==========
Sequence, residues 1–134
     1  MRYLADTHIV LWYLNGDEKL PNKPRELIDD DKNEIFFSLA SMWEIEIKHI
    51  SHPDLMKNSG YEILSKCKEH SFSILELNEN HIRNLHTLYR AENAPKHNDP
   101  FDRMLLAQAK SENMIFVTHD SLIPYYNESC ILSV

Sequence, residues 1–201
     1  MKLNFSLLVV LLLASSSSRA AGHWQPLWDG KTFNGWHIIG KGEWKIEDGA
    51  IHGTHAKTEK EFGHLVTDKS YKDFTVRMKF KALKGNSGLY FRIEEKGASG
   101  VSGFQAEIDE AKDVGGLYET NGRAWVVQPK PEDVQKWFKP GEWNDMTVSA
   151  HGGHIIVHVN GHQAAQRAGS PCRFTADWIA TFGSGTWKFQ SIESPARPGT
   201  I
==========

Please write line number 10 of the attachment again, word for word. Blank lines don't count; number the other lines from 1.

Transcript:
   201  I